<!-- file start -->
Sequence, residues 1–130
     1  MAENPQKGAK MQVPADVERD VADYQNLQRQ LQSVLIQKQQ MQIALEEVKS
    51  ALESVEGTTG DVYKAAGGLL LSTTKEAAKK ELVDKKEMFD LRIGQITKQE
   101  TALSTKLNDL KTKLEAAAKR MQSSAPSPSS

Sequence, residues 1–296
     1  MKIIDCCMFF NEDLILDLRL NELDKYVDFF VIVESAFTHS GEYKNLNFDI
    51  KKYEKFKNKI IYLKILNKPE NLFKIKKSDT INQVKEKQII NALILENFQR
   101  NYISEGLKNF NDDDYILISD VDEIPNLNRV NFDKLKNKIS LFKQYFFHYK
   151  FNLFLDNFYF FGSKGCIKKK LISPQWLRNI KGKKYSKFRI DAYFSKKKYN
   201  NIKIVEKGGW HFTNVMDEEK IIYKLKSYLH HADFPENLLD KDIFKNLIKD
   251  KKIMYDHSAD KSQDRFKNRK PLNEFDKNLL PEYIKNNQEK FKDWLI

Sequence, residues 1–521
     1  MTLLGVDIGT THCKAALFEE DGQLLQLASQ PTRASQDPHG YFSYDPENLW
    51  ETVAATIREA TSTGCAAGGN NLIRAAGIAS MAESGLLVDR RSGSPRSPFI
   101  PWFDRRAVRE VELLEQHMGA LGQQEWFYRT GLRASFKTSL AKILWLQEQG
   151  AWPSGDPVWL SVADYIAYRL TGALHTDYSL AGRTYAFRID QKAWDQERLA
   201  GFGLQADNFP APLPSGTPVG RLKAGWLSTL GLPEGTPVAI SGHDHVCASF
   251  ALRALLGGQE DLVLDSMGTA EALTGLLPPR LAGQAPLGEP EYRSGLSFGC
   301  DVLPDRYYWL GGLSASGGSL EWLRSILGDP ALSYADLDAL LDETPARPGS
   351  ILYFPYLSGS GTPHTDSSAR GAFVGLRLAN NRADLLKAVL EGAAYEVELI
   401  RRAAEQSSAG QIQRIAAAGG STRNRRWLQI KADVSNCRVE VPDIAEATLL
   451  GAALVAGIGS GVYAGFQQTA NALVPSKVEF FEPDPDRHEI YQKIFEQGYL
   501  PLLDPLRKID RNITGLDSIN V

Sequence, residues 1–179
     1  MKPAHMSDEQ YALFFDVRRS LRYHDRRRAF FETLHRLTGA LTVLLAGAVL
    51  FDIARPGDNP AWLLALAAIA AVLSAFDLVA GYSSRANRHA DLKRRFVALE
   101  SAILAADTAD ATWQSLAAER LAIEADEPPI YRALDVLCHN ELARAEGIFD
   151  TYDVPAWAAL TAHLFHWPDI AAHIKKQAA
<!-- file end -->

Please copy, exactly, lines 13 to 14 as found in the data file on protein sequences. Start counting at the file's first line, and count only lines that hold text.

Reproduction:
     1  MTLLGVDIGT THCKAALFEE DGQLLQLASQ PTRASQDPHG YFSYDPENLW
    51  ETVAATIREA TSTGCAAGGN NLIRAAGIAS MAESGLLVDR RSGSPRSPFI